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Misloach Manot

Among the many mitzvot of Purim is the obligation to send "mishloach manot" ("shaloch manos") - two portions of food to at least one person. According to Rema [Shulchan Aruch Orach Chaim 695:4], both men and women are obligated in this mitzva. However, the Magen Avraham [ibid. note 4] maintains that the words of Rema may apply to a widow, but in the case of married women, their husbands send mishloach manot on their behalf. Nevertheless, he concludes that women should be stringent to fulfill the mitzva themselves. Indeed, the Orach HaShulchan [ibid. 695:18] writes that nowadays women do send mishloach manot themselves, and Shaarei T'shuva [ibid. note 9] writes that women are obligated since they too were part of the miracle of Purim and the verse "... the Jews took upon themselves..." clearly includes women.

The time to send mishloach manot is during the day [Rema ibid.]. According to Ba'al Hama'or [quoted in Magen Avraham], the reason for this is that if the manot are received at night, they might be eaten then and the recipient would not have the wherewithal to fulfill the mitzva of the Purim meal during the day.

Be'er Heiteiv [ibid. 695:7] quoting the Yad Aharon [18] notes, that if someone sent mishloach manot before Purim, but they will arrive during the day of Purim, one has fulfilled the mitzva. However, there are those who disagree and rely upon this opinion only when there is no one locally to receive the mishloach manot, and even then suggests that additional mishloach manot be set aside on Purim day for later delivery [Responsa L'vushei Mordechai [Vol 1, Orach Chaim 208].


What May Be Used for Mishloach Manot?

The Taz and Magen Avraham [ibid.] both rule that only food and drink - as distinct from utensils etc. - may be sent. Furthermore, Magen Avraham further notes that the food must be ready-to-eat.

Concerning the quantities of each of the two portions of food, there are many opinions. Some, basing themselves on the account in the Talmud [Megilla 7b] that Abaye bar Avin and Rav Chanina bar Avin exchanged their Purim meals and with this fulfilled the mitzva of mishloach manot, rule that the quantity must be sufficient for a meal [Shaarei T'shuva, Orach Chaim. 694:1]. The P'ri Megadim [Mishbetzot Zahav 695:4] disagrees and rules that each portion need only be of a sufficient size to be considered "honorable" in one's place. While others suggest that each portion can be of any size [Maharsha, Chidushei Aggadot to Megilla 7a, s.v. "shadar lei"].

Finally, while there is a common misperception that one must use two completely different types of food that require two different brachot, there is no basis for this requirement. In fact, according to the wording of the Rema, one could even use two pieces of meat (both which require the same bracha - she'ha'kol). However, Aruch HaShulchan [695:4] does infer from the words of the Rambam [Hilchot Megilla 2:15] that the manot should be of completely different kinds of food (but not necessarily different brachot). Rabbi Eliezer Waldenberg rejects this conclusion [Tzitz Eliezer 14:65] and notes that the Shulchan Aruch uses slightly different wording from Rambam, indicating that one may send two manot of the same food. Moreover, he even found a variant version of Rambam which is like the words of the Shulchan Aruch. He concludes that the requirement of the verse "…of sending portions to one another..." is essentially that the manot should be two, not necessarily of different kinds.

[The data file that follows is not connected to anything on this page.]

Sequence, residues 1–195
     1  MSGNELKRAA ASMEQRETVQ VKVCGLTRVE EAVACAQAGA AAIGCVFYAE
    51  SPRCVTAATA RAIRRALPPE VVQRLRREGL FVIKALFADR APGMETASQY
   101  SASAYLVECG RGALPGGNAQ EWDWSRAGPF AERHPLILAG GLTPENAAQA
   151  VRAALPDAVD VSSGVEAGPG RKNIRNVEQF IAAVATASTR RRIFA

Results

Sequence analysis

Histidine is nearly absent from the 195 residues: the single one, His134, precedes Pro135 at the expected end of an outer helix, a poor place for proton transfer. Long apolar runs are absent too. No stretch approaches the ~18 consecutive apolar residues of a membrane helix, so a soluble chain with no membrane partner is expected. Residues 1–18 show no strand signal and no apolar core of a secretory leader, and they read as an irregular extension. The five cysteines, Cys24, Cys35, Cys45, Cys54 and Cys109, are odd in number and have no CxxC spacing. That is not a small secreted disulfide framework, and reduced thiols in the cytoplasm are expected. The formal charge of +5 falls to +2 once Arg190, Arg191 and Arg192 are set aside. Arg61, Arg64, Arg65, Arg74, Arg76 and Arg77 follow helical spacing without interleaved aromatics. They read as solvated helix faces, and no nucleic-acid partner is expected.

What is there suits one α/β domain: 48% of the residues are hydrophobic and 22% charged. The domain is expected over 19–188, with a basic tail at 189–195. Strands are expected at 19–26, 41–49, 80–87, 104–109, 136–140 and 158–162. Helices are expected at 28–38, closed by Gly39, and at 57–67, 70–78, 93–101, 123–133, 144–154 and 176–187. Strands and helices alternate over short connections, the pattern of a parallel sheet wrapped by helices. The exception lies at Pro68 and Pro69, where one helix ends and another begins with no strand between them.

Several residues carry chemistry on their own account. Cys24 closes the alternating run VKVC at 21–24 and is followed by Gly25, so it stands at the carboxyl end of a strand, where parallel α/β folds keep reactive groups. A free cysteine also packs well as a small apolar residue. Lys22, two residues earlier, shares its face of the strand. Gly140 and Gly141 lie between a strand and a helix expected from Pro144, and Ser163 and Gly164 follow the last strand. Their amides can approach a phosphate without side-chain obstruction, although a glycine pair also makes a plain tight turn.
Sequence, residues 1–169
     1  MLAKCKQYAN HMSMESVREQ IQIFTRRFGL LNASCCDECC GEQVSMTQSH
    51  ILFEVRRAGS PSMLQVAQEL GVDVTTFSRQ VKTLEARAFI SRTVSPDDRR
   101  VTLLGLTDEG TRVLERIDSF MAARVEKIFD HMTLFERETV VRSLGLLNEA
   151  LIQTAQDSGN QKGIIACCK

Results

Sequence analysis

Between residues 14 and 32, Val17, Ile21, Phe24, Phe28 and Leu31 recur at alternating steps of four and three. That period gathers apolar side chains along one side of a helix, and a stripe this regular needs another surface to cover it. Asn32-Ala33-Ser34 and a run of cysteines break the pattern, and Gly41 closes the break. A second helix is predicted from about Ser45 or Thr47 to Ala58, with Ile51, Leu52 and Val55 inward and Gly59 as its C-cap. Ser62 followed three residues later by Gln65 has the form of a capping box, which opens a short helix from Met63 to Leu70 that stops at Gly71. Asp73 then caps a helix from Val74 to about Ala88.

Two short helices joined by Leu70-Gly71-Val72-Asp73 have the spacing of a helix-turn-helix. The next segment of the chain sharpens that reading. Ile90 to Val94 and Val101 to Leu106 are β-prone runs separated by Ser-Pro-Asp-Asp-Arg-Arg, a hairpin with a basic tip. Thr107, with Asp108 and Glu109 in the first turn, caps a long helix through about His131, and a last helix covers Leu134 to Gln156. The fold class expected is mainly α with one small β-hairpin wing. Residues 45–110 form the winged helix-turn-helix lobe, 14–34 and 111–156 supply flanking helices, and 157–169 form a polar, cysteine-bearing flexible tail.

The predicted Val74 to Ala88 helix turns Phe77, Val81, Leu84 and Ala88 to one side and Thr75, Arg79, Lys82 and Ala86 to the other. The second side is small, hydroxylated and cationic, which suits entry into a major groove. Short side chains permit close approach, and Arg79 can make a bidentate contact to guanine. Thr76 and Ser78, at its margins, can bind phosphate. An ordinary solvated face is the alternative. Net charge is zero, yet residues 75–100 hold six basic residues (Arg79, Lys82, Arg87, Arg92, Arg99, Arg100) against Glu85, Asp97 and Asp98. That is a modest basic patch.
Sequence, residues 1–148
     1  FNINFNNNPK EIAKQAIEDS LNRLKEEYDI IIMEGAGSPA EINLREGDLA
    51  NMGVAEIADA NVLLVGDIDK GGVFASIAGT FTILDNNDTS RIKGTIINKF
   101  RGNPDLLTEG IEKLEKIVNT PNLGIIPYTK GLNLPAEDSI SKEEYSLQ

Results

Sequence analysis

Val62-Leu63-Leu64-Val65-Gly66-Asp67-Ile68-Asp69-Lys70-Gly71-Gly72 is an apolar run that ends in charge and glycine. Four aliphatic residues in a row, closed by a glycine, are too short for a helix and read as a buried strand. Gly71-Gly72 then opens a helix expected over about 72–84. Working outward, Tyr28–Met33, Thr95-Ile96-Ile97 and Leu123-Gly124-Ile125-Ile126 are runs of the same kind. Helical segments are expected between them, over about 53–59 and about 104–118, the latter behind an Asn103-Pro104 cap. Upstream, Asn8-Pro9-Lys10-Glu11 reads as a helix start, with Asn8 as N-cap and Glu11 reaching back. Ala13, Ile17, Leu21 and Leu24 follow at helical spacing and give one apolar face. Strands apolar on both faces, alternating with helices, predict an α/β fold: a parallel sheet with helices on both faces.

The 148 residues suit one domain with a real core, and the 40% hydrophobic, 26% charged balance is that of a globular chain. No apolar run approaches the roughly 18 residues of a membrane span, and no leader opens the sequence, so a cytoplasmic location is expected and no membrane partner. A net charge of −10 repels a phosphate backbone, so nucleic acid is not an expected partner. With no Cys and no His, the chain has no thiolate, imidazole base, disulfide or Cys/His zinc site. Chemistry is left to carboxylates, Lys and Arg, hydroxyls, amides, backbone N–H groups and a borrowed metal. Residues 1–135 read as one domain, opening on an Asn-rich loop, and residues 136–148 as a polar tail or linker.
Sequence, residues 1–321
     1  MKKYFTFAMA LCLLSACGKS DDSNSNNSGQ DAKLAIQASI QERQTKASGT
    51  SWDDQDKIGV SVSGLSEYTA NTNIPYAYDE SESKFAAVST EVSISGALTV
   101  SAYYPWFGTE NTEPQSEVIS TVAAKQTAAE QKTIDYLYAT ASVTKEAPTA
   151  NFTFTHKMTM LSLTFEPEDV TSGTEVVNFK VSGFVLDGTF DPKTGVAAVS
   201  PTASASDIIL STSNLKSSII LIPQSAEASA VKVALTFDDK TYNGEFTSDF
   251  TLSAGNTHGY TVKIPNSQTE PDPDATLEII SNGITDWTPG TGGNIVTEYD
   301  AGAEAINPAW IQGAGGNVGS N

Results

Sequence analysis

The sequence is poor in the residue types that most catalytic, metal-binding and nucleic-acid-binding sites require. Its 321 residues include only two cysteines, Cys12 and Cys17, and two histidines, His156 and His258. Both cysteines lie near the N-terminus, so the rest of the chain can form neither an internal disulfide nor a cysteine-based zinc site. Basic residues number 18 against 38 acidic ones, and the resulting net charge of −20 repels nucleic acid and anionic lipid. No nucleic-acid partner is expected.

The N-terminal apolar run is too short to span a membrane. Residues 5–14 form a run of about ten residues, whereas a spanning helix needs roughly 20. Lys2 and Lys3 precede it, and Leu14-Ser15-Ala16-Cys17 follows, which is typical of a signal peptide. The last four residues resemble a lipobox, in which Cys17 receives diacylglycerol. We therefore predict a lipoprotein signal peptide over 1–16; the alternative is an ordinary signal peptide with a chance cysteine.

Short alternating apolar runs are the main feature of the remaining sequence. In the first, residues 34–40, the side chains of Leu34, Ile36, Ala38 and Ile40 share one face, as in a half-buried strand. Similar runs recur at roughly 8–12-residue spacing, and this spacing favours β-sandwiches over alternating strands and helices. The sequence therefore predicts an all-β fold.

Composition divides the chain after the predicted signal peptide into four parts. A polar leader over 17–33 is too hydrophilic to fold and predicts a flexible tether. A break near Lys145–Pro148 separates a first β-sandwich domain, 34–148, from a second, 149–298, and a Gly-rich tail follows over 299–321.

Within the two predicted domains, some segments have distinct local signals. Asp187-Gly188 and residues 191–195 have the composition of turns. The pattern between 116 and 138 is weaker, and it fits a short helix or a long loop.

Mishloach Manot via a Shaliach (agent)

The Shulchan Aruch [Orach Chaim 695:4] states that "one is obligated to send two portions..." which seems to imply that mishloach manot should be sent via an agent (shaliach).

Various reasons have been given for this, which include:

1. it indicates a greater degree of honor and importance [Responsa Yehuda Yaale 207]

2. it publicizes the miracle even more [Mikor Chaim 694:3]

3. one should strive to find a poor person to act as the shaliach to also fulfill the mitzva of matanot l'evyonim - since it is customary for the shaliach to be given gifts by those who receive the mishloach manot [Responsa Tzitz Eliezer 9:33].

However, if the mishloach manot were not sent via a shaliach, the sender still fulfills the mitzva. In fact, while some authorities suggest that sending via a shaliach is preferable [Responsa Binyan Tzion 40], others suggest that all that the Shulchan Aruch meant was that it was permitted to send via a shaliach - NOT that it was preferable! [Eshel Avraham -Botshatsh, Orach Chaim 695].

Interestingly, unlike other mitzvot which would require the shaliach to have the same level of obligation as the one sending him/her (and therefore a child under the age of bar-mitzvah is precluded from serving as a shaliach) Rabbi Akiva Eiger reported that Rabbi Moshe Sofer (Chatam Sofer) told him that for this mitzva the role of shaliach is entirely different and therefore even a child could serve as a shaliach. The difference, he explained, was in th, that typically a shaliach serves in place of the sender. While in this case, the shaliach was just part of the means to deliver the mishloach manot [Likutei Chover p. 36].

Fri, March 5 2021 21 Adar 5781